You may know Tracey Spicer from her time at the news desk, but when she steps out from behind it you’ll look into the life of an intelligent, funny feminist who is willing to share her toughest moments alongside her biggest achievements.
Starting out as a self-admitted bogan from Brisbane, Spicer was clearly a motivated journalist before finding she could – and needed – to make a difference in the industry on behalf of women everywhere.
One of the most advertised lines of her book, The Good Girl Stripped Bare, comes from a male boss: “‘I want two inches off your hair and two inches off your arse’”. That is the consistent tone throughout the book, as Spicer continues to run into barriers related to being a female and/or her appearance.
Her memoir’s title is adapted from her 2014 TedX Talk ‘The Lady Stripped Bare’, which gained traction online after Spicer removed her makeup, frizzed up her hair with a spray bottle and freed herself from a figure-hugging dress on-stage while detailing her extensive daily beauty routine and why it should change.
Throughout the book she calls out her ‘good girl’ moments, when she fails to speak up in fear of talking out of turn and tarnishing her reputation. But as it goes on, this is what opens doors for her as she expands her career as a writer and becomes an Aussie poster girl for feminism, her stocks increasing with her age and wisdom.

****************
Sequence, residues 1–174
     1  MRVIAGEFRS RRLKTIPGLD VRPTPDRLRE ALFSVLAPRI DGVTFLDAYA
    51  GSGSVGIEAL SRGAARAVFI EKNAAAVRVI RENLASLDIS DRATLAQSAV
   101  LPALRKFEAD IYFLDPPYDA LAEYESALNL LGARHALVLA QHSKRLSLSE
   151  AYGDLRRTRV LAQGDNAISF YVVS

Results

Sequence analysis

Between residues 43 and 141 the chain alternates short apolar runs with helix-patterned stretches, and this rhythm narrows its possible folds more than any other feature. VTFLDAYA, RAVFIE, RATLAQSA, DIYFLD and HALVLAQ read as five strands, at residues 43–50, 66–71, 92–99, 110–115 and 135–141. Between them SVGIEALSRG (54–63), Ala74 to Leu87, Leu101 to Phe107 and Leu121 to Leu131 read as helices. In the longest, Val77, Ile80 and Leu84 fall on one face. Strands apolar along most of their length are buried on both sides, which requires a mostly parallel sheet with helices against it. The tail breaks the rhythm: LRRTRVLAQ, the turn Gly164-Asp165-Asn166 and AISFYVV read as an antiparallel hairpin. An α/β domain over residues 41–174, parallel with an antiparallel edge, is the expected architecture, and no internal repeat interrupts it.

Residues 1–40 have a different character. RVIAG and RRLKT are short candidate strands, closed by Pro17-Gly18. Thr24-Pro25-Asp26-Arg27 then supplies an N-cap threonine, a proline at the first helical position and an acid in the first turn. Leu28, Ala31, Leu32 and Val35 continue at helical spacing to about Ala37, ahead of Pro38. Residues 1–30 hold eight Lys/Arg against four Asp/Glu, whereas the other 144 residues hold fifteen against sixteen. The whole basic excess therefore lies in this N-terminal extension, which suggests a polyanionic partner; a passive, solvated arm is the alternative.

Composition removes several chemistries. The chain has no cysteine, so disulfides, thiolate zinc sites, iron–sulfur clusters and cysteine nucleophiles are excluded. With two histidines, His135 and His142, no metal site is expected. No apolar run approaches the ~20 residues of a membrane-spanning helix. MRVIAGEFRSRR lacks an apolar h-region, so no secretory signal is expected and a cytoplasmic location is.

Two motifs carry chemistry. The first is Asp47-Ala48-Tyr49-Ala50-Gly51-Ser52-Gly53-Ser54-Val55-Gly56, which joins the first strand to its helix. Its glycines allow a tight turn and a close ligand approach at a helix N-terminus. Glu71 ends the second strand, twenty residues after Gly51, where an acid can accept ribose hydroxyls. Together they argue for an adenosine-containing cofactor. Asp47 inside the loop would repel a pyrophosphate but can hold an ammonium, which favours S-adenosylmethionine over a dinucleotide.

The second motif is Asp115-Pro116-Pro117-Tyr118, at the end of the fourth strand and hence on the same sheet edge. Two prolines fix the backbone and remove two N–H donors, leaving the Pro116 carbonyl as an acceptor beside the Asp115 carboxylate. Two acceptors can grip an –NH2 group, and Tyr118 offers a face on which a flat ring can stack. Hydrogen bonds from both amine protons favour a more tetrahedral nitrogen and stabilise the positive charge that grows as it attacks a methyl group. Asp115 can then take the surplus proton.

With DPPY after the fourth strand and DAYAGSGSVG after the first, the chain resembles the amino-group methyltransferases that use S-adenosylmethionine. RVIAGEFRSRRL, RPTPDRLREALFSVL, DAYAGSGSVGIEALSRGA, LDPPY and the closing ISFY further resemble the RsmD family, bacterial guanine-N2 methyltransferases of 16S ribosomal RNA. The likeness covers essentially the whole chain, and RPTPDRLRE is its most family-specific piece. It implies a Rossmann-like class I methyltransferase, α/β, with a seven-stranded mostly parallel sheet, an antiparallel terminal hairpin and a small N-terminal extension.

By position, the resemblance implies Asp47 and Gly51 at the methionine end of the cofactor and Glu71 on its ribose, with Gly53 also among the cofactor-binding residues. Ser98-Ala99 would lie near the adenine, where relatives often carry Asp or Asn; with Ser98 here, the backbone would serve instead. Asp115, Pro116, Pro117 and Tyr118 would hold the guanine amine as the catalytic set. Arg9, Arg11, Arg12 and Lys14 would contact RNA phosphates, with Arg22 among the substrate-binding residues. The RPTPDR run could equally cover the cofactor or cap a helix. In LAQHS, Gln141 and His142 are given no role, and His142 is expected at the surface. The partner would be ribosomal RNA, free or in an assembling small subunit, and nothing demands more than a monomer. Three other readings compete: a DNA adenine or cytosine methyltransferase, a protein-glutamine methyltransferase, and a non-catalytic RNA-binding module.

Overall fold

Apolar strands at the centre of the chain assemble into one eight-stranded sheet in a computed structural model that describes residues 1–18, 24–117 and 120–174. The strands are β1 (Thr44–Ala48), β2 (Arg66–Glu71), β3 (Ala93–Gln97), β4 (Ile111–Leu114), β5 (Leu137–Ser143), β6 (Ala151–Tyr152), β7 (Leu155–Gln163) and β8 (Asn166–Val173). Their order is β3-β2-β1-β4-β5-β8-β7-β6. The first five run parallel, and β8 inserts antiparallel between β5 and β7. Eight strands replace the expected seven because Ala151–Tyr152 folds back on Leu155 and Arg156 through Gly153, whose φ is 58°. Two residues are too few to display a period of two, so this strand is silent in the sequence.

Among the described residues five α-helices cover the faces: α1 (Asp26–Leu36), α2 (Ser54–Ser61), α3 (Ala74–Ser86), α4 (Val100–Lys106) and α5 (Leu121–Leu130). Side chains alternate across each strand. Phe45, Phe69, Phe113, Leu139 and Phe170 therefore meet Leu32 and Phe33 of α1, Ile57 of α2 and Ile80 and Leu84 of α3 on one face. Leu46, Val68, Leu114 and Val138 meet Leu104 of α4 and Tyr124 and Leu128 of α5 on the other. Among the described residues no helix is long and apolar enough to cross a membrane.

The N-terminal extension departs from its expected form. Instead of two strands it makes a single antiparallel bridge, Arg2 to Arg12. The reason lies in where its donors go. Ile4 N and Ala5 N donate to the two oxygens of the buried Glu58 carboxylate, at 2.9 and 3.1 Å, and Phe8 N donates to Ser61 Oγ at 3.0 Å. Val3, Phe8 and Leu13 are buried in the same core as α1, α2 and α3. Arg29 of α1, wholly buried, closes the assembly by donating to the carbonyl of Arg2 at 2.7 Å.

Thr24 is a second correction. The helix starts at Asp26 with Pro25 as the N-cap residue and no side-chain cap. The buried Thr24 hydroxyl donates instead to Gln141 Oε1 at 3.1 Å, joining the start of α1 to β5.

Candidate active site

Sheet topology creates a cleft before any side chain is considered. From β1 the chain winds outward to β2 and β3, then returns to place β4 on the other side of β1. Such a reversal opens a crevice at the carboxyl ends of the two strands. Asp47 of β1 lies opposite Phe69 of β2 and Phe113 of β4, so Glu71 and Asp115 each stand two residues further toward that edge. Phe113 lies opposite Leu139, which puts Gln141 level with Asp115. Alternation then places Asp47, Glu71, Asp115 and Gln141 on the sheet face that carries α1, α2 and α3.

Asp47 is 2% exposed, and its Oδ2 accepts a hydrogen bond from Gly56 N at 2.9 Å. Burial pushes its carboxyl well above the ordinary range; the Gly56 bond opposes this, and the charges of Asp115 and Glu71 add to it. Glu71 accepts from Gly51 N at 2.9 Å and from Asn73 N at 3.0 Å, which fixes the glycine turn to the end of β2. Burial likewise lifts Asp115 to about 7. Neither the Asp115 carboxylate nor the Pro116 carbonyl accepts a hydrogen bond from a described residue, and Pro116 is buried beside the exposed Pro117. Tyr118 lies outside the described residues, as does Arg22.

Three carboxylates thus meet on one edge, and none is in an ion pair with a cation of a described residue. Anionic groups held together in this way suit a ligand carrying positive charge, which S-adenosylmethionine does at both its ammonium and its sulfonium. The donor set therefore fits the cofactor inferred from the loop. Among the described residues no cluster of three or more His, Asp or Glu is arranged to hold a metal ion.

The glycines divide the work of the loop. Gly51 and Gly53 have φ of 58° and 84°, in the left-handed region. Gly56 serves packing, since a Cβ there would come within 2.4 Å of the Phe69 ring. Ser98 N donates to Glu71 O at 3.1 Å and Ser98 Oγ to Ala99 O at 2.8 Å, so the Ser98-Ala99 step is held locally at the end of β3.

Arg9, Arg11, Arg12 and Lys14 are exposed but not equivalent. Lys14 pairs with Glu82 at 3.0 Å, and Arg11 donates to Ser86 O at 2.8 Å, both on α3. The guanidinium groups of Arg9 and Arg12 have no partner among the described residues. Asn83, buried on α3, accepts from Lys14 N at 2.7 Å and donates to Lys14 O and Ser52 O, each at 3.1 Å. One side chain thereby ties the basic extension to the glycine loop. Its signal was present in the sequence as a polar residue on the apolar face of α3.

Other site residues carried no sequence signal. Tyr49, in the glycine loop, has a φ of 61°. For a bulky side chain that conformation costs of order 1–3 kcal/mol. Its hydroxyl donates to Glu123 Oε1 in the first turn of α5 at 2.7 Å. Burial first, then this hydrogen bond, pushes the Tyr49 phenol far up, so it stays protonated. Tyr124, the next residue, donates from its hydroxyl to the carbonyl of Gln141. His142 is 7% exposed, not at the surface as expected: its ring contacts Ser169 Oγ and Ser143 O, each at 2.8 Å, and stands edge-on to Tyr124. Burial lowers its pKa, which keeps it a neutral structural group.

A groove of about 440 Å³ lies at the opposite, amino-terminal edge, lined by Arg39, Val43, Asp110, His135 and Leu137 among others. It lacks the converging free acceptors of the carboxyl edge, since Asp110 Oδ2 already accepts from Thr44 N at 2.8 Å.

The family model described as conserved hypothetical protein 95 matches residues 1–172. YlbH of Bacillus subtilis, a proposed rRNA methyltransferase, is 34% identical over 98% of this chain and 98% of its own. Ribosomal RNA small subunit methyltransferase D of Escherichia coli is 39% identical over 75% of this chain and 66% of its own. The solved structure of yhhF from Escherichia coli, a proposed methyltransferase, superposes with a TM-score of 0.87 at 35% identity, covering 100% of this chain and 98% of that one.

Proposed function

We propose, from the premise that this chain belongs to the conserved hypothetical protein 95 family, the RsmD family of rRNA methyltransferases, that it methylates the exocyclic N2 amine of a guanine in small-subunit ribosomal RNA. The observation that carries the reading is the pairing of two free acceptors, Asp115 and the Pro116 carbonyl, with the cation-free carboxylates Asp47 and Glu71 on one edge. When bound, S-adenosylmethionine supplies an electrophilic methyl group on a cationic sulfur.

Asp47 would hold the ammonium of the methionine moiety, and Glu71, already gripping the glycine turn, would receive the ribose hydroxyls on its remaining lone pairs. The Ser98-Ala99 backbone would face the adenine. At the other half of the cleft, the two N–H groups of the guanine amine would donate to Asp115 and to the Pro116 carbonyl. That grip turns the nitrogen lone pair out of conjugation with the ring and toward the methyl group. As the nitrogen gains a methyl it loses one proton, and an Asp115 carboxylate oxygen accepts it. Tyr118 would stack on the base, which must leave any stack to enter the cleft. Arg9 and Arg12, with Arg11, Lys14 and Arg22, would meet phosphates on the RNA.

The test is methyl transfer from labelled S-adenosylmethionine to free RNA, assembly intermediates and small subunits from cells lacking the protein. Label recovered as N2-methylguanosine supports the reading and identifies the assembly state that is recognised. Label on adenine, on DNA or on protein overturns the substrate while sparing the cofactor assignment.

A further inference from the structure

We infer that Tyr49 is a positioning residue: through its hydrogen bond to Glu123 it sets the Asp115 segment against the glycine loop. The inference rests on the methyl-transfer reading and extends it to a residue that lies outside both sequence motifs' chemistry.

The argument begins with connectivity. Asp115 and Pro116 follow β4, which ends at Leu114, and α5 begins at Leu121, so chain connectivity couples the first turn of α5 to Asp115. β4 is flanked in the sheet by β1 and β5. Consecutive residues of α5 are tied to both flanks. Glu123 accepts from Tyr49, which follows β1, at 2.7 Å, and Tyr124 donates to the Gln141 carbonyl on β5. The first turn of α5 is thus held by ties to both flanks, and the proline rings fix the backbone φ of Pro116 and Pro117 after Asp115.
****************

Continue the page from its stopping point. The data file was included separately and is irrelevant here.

Spicer includes some ludicrous commentary from the public – including an email saying her blazer was an “inappropriate colour” when reporting shocking 9/11, which happened just after Spicer learned she had lost a baby.
The book is a rollercoaster, from her matter-of-fact early abortion to her troubles falling pregnant later in life. She juggles IVF treatment with a busy television schedule, including smuggling her needle into the toilets at the Logies.
And then, once she does become a mum, everything escalates.
The book begins at the turning point many will recognise – Spicer is suing the network that ‘shafted’ her when returning from maternity leave. Read on to get to know someone who is irreverent, upfront and unrelenting, as well as being warm and personal.
Spicer calls the book a ‘femoir’ and talks with an assertive, loud voice (you can tell, because some lines are angrily all in caps) with strong views on how women should be treated – not just in the workplace, but in society.
Extra points for a cracking cover, too!
Spicer recently spoke with Better Reading editor Cheryl Akle on her views and writing – click here to listen.
Tracey Spicer is an iconoclast whose TEDx Talk ‘The Lady Stripped Bare’ has been seen by almost 1.5 million people. Tracey has anchored national news, current affairs, and lifestyle programs for several television networks, and she has brought her sassy style to talkback radio. Her columns appear weekly in metropolitan newspapers and opinion websites. Renowned for the courage of her convictions, passion for social justice, and commitment to equality, she has a wicked sense of humour – something of a prerequisite for a career in the media.